Signs Restaurant Ramp Saga!

luke out front of a store with a new blue ramp and store staff smiling in the doorway

Exciting times in awareness raising land! There is SO much buzz going on right now about the initiative and the need for increased accessibility in our communities.

Along with the newspaper articles that have been published about the city’s orders to remove the Signs Restaurant ramp I just wanted to add some updates and view our opinion on the situation in greater depth in an effort to create further clarity. All of the latest articles and news pieces can be found in the media section of our website.

This is a great conversation everyone, it’s this type of discourse that we were intending on creating when we started the initiative three years ago. This topic has many facets, from human rights to design issues. The underlying requirement is that people are safe, both using the ramp and navigating around it. Bylaws are in place to keep people safe, they have been developed over many years and get amended every now and then when new situations present themselves. Amending bylaws is not an easy process, it involves lots of time and collaborative effort from the governing municipal councils and committees. I can’t comment on the requirement for a minimum 2.1 metre clear path, in this particular case the restaurant owners can achieve this by working with Canada Post and relocating the mailbox. The 72cm encroachment issue is a good segue into a number of other factors with this story. Our original design intent was to follow the intent of all of our other ramps that we have designed to date, this being a deployable/ temporary design. A temporary ramp need not adhere to building code as it is not a permanent structure, it is a device. As such, a deployable ramp does not need a building permit or variance. The restaurant owners agreed with this design intent and the ramp was designed and constructed as a four piece modular system with removable railings. It was communicated to the owners that each piece of the ramp would weigh between 30-40 lbs and would be best deployed by two people. Upon delivery the restaurant owners soon determined that although deployable in theory it would be inconvenient to set the ramp up and take it down at the beginning and end of each business day let alone whenever someone might need it. The restaurant owners then decided to leave the ramp out all of the time, and thus requiring it to need a temporary encroachment permit, as it encroaches 72 cm on to city property (temporary because the restaurant owners intend on working with the owner of the building to get a permanent ramp in the future, however the owner of the building does not want to allow the restaurant owners to do anything permanent… more on that later). The restaurant owners are now in the process of applying for a temporary encroachment permit but the city wants them to move the ramp immediately as they are treating the ramp like a permanent structure which is encroaching on city property and not leaving enough room between it and the mailbox. Still with me?! I spoke with Councillor Kristyn Wong Tam today and she is a huge supporter of our initiative and willing to do all she can at City Hall to figure out a solution to this situation, she is a total ally. She is going to talk with the building owner and try to convince them that installing a permanent structure is the best thing to do, more expensive but better in the long run. She also shared that this whole issue with the current ramp would go away if the business owners took advantage of the deployable nature of the ramp, set it up in the morning and removed it at night – and worked with Canada Post on moving the mailbox. She also said that she is going to try to buy some time (a couple of days) so that the restaurant owners can get the mailbox moved and avoid having the ramp taken away by the city’s bylaw enforcement officers. Some of the articles and news pieces that have appeared in the media about this situation have made the city out to be bad guys but this isn’t necessarily the case. As I mentioned earlier, it takes lots of time to change bylaws. My conversation with Councillor Wong Tam today confirmed that she is willing to work with us on having those bylaws reviewed in order to make it easier for businesses to become accessible, she is committed to this effort. The building owners are giving the restaurant owners a hard time as they don’t want to do anything to alter the building permanently. The restaurant owners have a legitimate concern about the possibility of one of their staff hurting themselves while moving the ramp so they are keen on leaving it out all of the time. Again, I am so happy that this conversation is happening – change needs to start somewhere. It will present frustrating moments/ lessons learned like this one and no doubt more to come in the future.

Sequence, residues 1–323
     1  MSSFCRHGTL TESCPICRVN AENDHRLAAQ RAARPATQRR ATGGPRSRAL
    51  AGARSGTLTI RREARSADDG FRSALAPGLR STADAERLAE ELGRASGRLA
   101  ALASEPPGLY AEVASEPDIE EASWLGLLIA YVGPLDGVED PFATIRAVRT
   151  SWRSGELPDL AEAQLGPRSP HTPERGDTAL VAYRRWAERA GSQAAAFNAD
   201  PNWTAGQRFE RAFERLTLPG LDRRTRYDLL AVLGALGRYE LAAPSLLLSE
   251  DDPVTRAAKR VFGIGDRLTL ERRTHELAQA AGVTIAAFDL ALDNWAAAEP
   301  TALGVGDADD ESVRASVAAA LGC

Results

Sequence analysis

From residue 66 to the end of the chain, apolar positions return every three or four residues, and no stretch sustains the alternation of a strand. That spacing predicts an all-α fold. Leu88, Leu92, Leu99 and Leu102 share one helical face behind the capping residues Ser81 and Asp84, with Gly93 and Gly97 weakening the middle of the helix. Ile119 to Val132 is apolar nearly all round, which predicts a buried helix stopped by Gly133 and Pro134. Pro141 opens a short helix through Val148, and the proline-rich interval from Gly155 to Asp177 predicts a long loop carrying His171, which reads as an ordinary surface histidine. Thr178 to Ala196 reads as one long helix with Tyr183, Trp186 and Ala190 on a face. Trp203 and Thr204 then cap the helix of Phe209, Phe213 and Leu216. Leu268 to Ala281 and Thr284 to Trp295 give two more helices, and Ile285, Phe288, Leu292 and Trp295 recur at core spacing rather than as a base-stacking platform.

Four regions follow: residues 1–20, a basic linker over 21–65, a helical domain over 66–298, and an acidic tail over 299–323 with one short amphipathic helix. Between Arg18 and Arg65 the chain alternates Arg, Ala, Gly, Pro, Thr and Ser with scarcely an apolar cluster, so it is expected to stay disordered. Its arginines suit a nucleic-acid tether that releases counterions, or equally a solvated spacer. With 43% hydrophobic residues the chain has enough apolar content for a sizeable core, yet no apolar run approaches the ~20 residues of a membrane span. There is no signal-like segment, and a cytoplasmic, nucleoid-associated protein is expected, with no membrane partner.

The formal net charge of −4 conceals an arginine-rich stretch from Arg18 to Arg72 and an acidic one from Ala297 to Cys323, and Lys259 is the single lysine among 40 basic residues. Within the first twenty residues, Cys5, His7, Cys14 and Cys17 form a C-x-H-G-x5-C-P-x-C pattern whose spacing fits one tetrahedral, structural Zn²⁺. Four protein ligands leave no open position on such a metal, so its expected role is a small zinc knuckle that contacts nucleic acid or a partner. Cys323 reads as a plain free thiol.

1 Comment

  • By Cinderella K

    This place is awesome. Their crispy salmon rolls are so good with their wasabi sauce. Sea bass at Boston restaurants is also good, though it can be a bit oily. I came here recently and had their house special, it was so good!

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